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Located at the northeastern end of Ocean County, New Jersey, the Borough of Point Pleasant lies nearly 35 miles east of Trenton, the state capitol.
Along the New Jersey coast, our borough finds itself straddling the 2 mile Point Pleasant Canal, a significant section of the U.S. Intracoastal Waterway. 90 miles would take one south to Cape May and traveling 30 miles would float one north to Sandy Hook. The Point Pleasant Canal is the northernmost point from which a vessel could travel inland along the Eastern Seaboard of the United States from here a boat could travel to Florida and beyond without entering the more hazardous Atlantic Ocean.
Within the borough's boundary lay approximately 4.2 square miles, comprising a population of 19,306 people at a density of about 5,461 people per square mile. Ocean County averages about 800 pp sq. mi. while New Jersey averages about 1,100 pp sq. mi. The country averages slightly more than 80 pp sq. mi.
Water borders most of the town. To the north, the Manasquan River separates Point Pleasant from Brielle. The Point Pleasant Canal bisects the borough. To the west, Beaver Dam Creek and its freshwater swamp buffers us from Brick Township. To the south, is Barnegat Bay and the town of Bay Head, and to our east sits our sister community of Point Pleasant Beach.
Bisecting Point Pleasant along an east-west line State Route 88 is a two lane roadway. The borough receives significant traffic from several county roads. Bay Avenue runs north-south. Bridge Avenue runs east-west. Herbertsville Road runs northwest-southeast. River Road parallels a block south of the Manasquan River. Beaver Dam Road is a continuation of Herbertsville Road running south from its intersection with Route 88. Near the town borders, State Routes 35 and 70, as well as County Route Princeton Ave., provide additional ingress and egress with the surrounding communities. The Garden State Parkway (North-South) and Route I 195 (East-West) are easily reached within ten minutes of the town.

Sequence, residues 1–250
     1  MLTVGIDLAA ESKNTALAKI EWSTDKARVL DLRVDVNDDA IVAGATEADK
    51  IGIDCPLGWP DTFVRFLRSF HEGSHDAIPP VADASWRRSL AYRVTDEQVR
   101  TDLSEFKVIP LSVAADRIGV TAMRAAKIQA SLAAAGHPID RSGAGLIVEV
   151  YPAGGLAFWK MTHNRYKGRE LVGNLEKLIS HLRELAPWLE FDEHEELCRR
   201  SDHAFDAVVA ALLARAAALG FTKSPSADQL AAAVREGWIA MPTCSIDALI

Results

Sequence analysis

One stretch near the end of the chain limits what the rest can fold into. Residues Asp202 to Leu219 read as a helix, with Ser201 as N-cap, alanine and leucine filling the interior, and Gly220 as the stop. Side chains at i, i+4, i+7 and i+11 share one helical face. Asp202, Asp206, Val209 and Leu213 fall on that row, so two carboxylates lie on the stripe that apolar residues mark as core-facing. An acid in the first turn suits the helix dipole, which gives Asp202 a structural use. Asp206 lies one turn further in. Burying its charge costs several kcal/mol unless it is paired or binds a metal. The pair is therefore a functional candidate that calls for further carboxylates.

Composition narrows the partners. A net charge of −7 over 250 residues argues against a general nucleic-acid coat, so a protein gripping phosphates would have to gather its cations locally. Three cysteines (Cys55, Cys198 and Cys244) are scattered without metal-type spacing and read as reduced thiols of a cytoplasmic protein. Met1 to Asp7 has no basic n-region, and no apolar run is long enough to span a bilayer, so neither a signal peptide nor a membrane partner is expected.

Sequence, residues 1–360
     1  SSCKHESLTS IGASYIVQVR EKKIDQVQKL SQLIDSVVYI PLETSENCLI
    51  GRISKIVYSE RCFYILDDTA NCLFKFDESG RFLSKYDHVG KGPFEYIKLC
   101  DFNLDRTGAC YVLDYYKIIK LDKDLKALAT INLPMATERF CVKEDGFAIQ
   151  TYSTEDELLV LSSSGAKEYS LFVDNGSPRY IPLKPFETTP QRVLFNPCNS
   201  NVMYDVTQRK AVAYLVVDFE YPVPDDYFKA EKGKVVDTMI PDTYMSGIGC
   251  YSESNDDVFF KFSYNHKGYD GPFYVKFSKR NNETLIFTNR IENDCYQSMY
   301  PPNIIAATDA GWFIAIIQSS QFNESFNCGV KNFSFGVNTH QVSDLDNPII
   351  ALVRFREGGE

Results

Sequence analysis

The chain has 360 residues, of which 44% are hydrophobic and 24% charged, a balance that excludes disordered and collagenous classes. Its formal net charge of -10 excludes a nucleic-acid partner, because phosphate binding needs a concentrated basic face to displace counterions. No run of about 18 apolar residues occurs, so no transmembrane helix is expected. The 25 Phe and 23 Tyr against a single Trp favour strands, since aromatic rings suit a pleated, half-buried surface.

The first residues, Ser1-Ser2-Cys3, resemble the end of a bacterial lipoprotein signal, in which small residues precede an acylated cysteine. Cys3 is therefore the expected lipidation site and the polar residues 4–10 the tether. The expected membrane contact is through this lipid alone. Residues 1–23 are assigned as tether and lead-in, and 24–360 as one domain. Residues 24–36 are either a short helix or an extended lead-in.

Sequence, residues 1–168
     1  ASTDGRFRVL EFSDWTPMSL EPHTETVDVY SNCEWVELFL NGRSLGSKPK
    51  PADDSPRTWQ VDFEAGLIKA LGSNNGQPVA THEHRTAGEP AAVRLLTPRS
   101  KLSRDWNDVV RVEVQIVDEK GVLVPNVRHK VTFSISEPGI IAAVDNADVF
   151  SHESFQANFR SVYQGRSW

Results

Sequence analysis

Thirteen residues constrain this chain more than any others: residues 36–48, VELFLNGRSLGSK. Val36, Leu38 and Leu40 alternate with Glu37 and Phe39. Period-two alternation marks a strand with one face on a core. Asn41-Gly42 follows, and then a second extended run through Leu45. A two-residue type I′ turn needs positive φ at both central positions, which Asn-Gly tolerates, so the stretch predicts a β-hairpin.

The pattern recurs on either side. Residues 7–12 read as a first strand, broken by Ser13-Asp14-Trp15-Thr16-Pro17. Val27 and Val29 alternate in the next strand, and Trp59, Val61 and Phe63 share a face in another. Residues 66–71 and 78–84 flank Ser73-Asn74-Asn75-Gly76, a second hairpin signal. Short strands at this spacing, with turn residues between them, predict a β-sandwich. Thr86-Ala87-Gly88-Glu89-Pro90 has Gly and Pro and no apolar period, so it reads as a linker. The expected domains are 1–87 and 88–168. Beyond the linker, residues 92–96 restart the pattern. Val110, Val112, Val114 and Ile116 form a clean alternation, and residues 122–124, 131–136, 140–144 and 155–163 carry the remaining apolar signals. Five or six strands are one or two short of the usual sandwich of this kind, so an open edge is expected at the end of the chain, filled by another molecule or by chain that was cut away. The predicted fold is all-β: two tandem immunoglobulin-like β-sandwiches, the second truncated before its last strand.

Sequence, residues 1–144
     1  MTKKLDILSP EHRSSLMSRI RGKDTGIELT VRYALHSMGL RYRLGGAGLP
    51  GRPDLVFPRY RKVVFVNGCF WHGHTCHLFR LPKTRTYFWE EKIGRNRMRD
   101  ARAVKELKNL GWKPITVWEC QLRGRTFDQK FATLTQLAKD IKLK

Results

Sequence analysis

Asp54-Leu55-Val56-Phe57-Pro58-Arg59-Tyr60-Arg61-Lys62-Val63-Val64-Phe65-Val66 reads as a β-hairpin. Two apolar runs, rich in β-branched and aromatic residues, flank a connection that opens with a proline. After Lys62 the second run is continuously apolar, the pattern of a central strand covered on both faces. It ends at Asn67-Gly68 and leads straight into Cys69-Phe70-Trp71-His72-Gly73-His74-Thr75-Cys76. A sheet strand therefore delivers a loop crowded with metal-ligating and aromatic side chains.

Two mass transportation networks operate in or near Point Pleasant Borough. A commuter railroad has stations within 1 mile of the borough with regular runs to points north.
Bus lines follow Route 88 to a major terminal in Lakewood, 9 miles away. With the addition of the borough's own free bus system, no person in the town need walk more than 1/2 mile or 10 minutes to gain access to mass transportation.
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The Environmental Commission Paleo-studies knows' of no significant fossil finds in the borough as of this writing. However, unconfirmed reports indicate the presence of Indian materials in the area of Maxson Avenue at the River.
Water forms the life blood of Point Pleasant Borough. Almost twenty miles of shoreline, including numerous lagoons, encompass the borders of the town. Mostly salt water, our rivers, creeks, and bays found use for transportation and as a food sources. Today, though still used somewhat as a source of food, recreational uses predominate.
Subsurface waters, located in water bearing formations called aquifers, supply the town with its potable drinking water. Presently the town obtains its water from the Kirkwood, Englishtown, and Raritan-Magothy Aquifers. (Preservation of these three aquifers is vital to the interests of the people. Since these aquifers originally receive their rainwater for recharging out of the town, it is essential we focus on their protection in communities where they outcrop). Our water table, that area immediately below our soils capable of bearing water, is restricted to watering lawn and gardens, as contamination from our surface activities and its limited size eliminates it as a clean water source.
Due to the high degree of urbanization, the borough accomplishes drainage with few exceptions, via a system of in-road collectors and pipelines. Unfortunately, the more paving in the community, the less of this water enters our water table and the more of it ends up dumped into our tidal waters and wasted. In the process of being collected and transported off our lands, the water collects and absorbs numerous pollutants. If we are to achieve environmental security, these pollutants must either be dealt with at their source or before dispersal into our waterways.